Beware of “Pinkwashing” This Month


At the shopping center near my home I can buy a pink balloon, a pink hairbrush, a pink box of crackers, a pink hairdryer, a pink phone case, a pink candy bar, or a pink t-shirt.  I can’t, however, find any specific information on these products that tells me if, in fact, part of my purchase goes to a breast cancer charity and which charity that might be.

I was inspired by a blog post I read recently and decided to look into this for our readers.  Last month, Erika Lehman of the Cincinnati BBB’s The Center for Ethics reminded donors that, while we may want to do what we can, the reality is that purchases of pink items do not necessarily lead to donations to the charities.

As manufacturers have realized the sales power of pink products, more and more of them enter the market each fall.  Some are true cause-related marketing (CRM) promotions, in which a company uses a charity’s name and reputation to sell its products, and in those cases, charities win through increased exposure and contributions and companies win through increased product sales.  Other pink products are fakes, lining the pockets of greedy corporations trying to capitalize on people’s generosity.

These fakes are, surprisingly, easily accessible.  Recently, The Center for Ethics at BBB received a 50-page catalogue of pink products, urging us to purchase and resell these products during the month of October.  Nothing about our name suggests we fund research or other initiatives aimed at ending this disease, yet, we had an all-access pass to every pink product imaginable mailed straight to our doorstep.  We tossed the catalogue in the trash; by the number of pink products that hit the market each fall, we know everyone else does not.

An unfortunate side effect of the successful pink ribbon marketing campaign is that others can imply solidarity by using the color pink, thereby attracting supporters of breast cancer causes who might then become their new customers.  “Pinkwashing” is a term that has been used to describe the co-optation of breast cancer symbolism for monetary gain.  (The practice is so widespread that there is a documentary film addressing the “hijacking” of the symbolism for profit.)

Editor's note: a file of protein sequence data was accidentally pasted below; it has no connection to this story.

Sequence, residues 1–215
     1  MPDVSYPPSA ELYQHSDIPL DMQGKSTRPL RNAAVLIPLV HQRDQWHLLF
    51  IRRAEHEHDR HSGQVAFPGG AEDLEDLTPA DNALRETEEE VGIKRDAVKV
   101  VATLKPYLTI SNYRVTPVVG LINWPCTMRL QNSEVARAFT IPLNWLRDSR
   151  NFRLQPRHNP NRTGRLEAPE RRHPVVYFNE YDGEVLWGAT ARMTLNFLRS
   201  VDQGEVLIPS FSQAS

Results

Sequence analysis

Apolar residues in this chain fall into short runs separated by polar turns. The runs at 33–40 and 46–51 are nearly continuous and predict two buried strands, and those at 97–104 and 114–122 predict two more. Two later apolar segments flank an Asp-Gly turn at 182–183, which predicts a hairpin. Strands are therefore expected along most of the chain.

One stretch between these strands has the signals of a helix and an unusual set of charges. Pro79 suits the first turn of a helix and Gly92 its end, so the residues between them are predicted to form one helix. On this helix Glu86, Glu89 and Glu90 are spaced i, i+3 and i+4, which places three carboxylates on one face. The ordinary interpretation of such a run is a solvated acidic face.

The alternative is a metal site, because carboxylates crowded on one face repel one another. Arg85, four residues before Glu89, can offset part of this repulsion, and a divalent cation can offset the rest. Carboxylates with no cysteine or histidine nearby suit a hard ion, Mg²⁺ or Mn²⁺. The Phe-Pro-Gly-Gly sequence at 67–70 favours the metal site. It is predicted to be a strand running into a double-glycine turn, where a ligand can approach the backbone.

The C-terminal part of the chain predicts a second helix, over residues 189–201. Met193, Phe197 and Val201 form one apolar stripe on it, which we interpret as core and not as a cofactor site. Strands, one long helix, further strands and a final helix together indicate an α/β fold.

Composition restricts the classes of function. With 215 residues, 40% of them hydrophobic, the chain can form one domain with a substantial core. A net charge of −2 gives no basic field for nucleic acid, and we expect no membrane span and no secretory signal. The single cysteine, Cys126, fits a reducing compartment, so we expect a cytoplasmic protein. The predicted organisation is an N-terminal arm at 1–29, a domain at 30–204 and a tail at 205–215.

If you, like me, are spending valuable time in your grocery aisle searching products for details, you can take a little extra time to ensure you are actually supporting a charitable cause with these tips from Erika:

Which charity does this product support?  Do I support the charity’s mission and believe in its programs?
How is the charity receiving the contribution?  Will simply purchasing the product result in a contribution to the charity or will I need to do other “homework” to make sure the contribution is received?
How much of the purchase price is being donated to the charity?
Is there a limit on the amount of money the company will donate to the charity?  Has the company reached that goal?
Can I make a bigger impact by donating directly to the charity?

If you have questions or want to know more, contact your BBB.


Written by

Beth was Director of BBB Services and wrote for the consumer education blog from 2008 to 2011. Beth also managed projects of the Tri-State Better Business Bureau Foundation, including the Student of Integrity Scholarship and senior citizen education programs, and she worked with local charities as a part of our charity reporting service.

No Comments to “Beware of “Pinkwashing” This Month”

  1. [...] to Know About Breast Cancer Awareness or Research Charities I wrote last week about “pinkwashing”, a phenomenon that threatens cause-related marketing‘s success.  We discussed the issue [...]

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